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2 Harris County Commissioners skip meeting, forcing property tax rate cut

Because the two Republican Commissioners skipped the meeting, they were able to block a vote on a proposed tax rate increase.

HOUSTON — On Tuesday, the two Republicans on the Harris County Commissioners Court skipped the court's meeting in order to block a vote on a proposed tax rate increase. The move not only denied the court a quorum but also lowered the property tax rate.

Texas law requires four out of the five commissioners to be present to vote on a tax rate increase.

The property tax rate must be set by Oct. 11. Because there was no vote Tuesday, Harris County will automatically revert to its effective rate, which is 1.8 cents lower than the current rate.

Harris County Commissioners were scheduled to vote on Tuesday to raise the county’s property tax rate for the first time since 1996. It would have boosted revenue by 8 percent, the maximum year-to-year increase allowed by law without voter approval. County Judge Lina Hidalgo said Tuesday the average homeowner’s tax bill would have gone up by about $38 per year.

However, starting in January 2020, annual city and county property tax revenue growth will be limited to 3.5 percent without a public vote under Senate Bill 2, which the Texas Legislature passed during the 2019 session.

A spokesman for Commissioner R. Jack Cagle said as a result of Tuesday's vote blockage, the average homeowner will save $77.55 per year on a $237,000 house with a standard 20 percent homestead exemption, or a total of $185 million countywide.

If property values continue rising, commissioners could be forced to cut the tax rate in the future to stay within the new cap.

During a Sept. 10 meeting, Hidalgo proposed putting the increased revenue from the one-time tax hike into a rainy day fund for services like health care and flood control.

Bill Jackson, Harris County's budget officer, said property tax revenue makes up between 70 to 75 percent of the budget. The rest of the money comes from fees, which are rarely raised.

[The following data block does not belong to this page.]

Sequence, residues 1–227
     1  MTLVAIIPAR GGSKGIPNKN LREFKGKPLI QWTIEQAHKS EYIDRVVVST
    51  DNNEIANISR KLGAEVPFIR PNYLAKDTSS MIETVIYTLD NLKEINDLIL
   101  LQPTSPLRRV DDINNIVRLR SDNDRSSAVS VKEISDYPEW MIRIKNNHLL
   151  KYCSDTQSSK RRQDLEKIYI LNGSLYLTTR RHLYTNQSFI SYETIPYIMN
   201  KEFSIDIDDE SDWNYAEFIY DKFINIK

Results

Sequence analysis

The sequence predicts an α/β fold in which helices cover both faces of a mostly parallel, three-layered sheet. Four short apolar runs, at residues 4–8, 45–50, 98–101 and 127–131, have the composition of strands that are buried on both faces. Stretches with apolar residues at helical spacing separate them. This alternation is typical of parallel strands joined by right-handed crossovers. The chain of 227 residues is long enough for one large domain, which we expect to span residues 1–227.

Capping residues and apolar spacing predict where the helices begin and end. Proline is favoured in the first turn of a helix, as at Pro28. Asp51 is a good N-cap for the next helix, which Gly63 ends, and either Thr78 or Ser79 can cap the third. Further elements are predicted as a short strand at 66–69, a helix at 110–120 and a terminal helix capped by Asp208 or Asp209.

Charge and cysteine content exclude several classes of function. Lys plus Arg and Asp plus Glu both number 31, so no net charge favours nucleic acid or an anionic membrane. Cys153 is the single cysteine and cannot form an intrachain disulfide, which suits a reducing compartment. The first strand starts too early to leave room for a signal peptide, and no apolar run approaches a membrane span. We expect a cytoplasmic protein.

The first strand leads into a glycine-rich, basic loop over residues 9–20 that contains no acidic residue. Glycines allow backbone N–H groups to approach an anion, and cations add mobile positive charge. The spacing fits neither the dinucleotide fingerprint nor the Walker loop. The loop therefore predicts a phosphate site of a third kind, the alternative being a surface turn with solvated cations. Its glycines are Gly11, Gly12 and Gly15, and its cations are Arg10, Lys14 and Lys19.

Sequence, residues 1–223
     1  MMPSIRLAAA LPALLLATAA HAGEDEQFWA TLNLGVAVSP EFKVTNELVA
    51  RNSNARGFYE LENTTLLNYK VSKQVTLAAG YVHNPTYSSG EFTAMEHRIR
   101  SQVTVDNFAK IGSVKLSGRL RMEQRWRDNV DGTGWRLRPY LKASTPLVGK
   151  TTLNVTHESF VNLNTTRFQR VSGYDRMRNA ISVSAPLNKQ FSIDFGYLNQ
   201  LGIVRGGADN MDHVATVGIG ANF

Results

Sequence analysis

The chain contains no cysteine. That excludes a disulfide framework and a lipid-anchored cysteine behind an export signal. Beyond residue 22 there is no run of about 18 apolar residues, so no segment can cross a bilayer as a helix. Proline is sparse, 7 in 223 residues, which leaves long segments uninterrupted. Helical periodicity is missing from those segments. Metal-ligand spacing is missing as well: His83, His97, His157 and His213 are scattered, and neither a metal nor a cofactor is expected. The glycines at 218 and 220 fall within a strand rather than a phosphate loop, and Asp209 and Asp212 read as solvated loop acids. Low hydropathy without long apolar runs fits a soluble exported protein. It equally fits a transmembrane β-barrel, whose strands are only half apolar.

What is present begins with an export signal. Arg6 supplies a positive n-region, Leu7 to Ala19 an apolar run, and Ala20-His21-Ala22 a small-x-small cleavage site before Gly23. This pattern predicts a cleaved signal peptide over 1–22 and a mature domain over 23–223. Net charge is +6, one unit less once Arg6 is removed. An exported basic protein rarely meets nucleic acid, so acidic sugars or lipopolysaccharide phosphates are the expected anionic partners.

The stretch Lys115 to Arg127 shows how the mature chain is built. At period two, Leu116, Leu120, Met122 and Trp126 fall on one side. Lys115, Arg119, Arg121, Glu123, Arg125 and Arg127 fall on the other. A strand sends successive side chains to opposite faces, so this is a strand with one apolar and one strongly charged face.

Harris County does not collect sales tax outside of city limits, which Jackson said is where about 70 percent of new residents move to. About 1.8 million people live in unincorporated Harris County, compared to roughly 2.3 million in the city of Houston.

Travis County, which includes Austin, recently raised its property tax rate to the maximum allowed under law without requiring a public vote.

Statement from Harris County Commissioner R. Jack Cagle:

 “The residents of Precinct 4 elected me to represent them. They did not elect me to lord over them or to repress them. This is the taxpayers’ money, not the government’s.

“Although proponents of this tax increase tried to couch it in terms of public safety and flood prevention, the truth is that only 5.5 percent of that revenue would have gone toward flood control. Most of it would have drained into the county’s general fund for members of the court majority to spend as they like. I believe we owe our constituents better transparency.”

Statement from Harris County Judge Lina Hidalgo:

"One of our most basic duties as public servants is to show up to work. Unfortunately, today Commissioners Cagle and Radack chose to hide rather than face the tough reality of the impact that extreme revenue caps will have on our County. Our residents don't expect all of us to agree on everything, but they do expect us to be grownups when making tough decisions.

"Now, because of their decision to play politics rather than to govern, we're left with the consequences. Consequences that will have potential catastrophic impacts on our ability to provide services our residents expect - the very same issues we all agree are priorities, like flood control, quality services for veterans, public safety, and infrastructure."

Statement from Commissioner Adrian Garcia:

“It is disappointing but not surprising Commissioner Cagle and Radack failed to show up today. It is their responsibility to show up, represent their constituents and be part of the process even if they do not agree with it. 

"For the past 20 years, certain members of the court have privately recognized the need to invest more into our county to deal with our growth, but have been unwilling to publicly address these issues.  We are here as result of their neglect on ensuring that Harris County remains a destination for businesses. Part of their job is to ensure Harris County is resilient and prepared for the future. Given the growing population and the major challenges we face, Harris County must be able to fund operations and maintenance to protect its growth and remain competitive with other counties. Other Texas counties have taken the same step and raised their tax rates, including Travis, Tarrant, and Lubbock. 

"This proposal is a fiscally responsible measure against a revenue cap that will hinder us from being a world-class county and will impact our ability to govern for years to come as we are witnessing with the City of Houston. Our proposal was a modest and responsible investment that would allow us to continue to provide services and protect our community. This should have been a priority all along but was not. Far too often, it is easy to overlook the underserved, the underrepresented, and the uninsured, but we are all in it together. I think everyone deserves to be supported in whatever their challenges are.”